And while I can't "heel-click" my way to spring, it is nice to be able to flip through the semi gloss pages filled with colorful seeds, flowers, vegetable and possibilities.
Not only are sunflowers beautiful, but they are functional on so many levels. The heavy stalks work wonderful for supporting trailing vine type plants like pumpkins and beans. When planted in rows, they act as a great windbreak, protecting delicate plants like tomatoes and peppers from leaf coiling in response to heavy winds.
- Spanning lawns with no flowers are replacing wild fields and meadows. The insects have to fly farther to find pollen sources and this increases losses.
- Widespread use of pesticides not only kills pest insects, but the beneficial ones as well.
- The honey bee and wild bee populations also face a new threat, Colony Collapse Disorder, a mysterious epidemic that can quickly kill an entire colony.
Pollinators are important to the human food system. Many of the foods we eat depend entirely on outside pollinators, so it's important that we do what we can to help them. Not only can you plant Sunflowers, but you can also join The Great Sunflower Project, or Backyard Bee Count. An organization that collects data from people like you and I. They use this information to help track pollinators and see where they are thriving, and where their numbers are weakening. For more information on The Great Sunflower Project, visit their site at http://www.greatsunflower.org/.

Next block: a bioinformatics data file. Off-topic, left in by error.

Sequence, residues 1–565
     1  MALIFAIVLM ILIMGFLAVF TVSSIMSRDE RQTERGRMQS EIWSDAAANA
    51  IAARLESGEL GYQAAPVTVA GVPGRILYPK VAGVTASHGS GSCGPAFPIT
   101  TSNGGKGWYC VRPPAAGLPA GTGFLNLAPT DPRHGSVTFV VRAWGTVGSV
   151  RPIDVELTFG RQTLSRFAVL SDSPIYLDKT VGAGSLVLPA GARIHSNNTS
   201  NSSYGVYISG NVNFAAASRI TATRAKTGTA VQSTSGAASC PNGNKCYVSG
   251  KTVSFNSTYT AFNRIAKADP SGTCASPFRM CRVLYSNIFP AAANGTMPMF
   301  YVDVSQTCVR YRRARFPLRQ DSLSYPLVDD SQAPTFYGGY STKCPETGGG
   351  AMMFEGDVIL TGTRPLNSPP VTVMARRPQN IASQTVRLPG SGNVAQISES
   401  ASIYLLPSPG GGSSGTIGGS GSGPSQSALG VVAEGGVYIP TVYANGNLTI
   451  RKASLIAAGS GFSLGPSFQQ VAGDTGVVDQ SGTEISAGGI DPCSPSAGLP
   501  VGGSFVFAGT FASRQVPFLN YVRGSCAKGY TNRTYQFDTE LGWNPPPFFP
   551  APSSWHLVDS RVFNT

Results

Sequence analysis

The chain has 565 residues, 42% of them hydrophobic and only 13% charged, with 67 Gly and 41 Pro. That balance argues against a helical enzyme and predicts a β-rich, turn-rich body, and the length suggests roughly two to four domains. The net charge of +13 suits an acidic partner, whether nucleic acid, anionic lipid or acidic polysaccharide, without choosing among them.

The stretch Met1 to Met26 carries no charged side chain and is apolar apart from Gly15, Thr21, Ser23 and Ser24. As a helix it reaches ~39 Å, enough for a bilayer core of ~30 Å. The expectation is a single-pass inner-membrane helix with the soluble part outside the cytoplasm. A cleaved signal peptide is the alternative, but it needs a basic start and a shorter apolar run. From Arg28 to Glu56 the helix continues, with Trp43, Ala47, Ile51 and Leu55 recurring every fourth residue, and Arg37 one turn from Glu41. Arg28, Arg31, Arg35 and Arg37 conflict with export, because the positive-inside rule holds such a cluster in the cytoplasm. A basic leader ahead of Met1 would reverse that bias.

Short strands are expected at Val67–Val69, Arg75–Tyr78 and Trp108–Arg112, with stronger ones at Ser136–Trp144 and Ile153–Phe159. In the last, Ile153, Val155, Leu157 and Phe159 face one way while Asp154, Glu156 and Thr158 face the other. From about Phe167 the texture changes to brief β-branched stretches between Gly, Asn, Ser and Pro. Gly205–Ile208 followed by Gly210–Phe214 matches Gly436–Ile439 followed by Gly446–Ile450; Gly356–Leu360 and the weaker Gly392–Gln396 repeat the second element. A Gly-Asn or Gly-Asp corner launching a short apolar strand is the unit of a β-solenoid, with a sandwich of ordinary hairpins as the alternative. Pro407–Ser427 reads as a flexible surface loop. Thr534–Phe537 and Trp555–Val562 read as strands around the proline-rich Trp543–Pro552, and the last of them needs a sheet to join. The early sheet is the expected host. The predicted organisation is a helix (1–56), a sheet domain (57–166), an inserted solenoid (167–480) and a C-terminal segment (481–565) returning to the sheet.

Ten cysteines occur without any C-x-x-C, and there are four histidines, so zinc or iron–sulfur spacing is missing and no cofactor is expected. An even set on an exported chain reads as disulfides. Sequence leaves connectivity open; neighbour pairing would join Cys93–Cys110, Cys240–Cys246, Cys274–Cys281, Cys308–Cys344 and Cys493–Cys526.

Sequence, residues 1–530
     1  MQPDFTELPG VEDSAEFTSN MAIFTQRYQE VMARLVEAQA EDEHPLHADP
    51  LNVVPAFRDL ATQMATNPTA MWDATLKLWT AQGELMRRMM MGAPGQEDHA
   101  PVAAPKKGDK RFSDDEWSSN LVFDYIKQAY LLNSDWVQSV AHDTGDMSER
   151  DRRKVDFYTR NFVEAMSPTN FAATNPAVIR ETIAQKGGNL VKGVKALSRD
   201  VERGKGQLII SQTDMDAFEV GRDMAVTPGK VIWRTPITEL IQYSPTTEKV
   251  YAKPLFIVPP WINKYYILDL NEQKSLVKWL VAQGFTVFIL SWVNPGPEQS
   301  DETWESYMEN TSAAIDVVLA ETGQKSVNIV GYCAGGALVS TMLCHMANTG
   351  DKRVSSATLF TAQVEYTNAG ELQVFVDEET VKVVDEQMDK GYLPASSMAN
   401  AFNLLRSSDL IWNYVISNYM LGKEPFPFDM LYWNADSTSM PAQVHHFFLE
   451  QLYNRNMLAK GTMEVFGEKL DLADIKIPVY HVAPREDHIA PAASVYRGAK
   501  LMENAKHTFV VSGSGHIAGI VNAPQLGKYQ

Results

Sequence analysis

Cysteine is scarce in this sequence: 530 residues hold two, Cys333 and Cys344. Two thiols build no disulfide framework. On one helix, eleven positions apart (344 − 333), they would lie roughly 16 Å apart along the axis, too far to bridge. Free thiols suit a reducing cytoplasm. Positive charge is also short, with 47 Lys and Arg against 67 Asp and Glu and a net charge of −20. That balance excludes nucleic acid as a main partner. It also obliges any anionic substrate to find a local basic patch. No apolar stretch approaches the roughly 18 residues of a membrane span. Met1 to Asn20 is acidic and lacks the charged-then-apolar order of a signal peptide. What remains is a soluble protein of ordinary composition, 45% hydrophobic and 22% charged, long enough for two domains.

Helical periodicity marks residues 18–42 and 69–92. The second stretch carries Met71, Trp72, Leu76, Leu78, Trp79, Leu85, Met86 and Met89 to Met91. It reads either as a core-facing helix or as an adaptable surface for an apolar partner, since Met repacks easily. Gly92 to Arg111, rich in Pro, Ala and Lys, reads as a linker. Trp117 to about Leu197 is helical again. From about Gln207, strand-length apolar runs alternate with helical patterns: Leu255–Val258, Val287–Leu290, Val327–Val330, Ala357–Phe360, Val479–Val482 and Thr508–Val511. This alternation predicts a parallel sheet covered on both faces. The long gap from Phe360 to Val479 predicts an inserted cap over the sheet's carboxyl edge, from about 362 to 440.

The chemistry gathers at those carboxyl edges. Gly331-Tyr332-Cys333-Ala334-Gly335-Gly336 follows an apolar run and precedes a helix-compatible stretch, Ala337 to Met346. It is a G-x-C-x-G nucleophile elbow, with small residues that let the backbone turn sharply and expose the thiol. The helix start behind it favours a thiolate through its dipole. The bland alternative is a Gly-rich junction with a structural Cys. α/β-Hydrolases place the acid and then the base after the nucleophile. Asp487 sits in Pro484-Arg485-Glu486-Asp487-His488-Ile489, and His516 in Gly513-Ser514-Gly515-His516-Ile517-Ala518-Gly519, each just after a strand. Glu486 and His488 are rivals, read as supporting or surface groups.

Here's a little video I put together from footage of our Sunflowers and Chickens, ~enjoy!
What seeds are you planning on ordering for your garden this year? Are you planting anything specifically for your chickens? Share your stories by leaving a comment below, visiting the Community Chickens Facebook Page, or join us at Iron Oak Farm.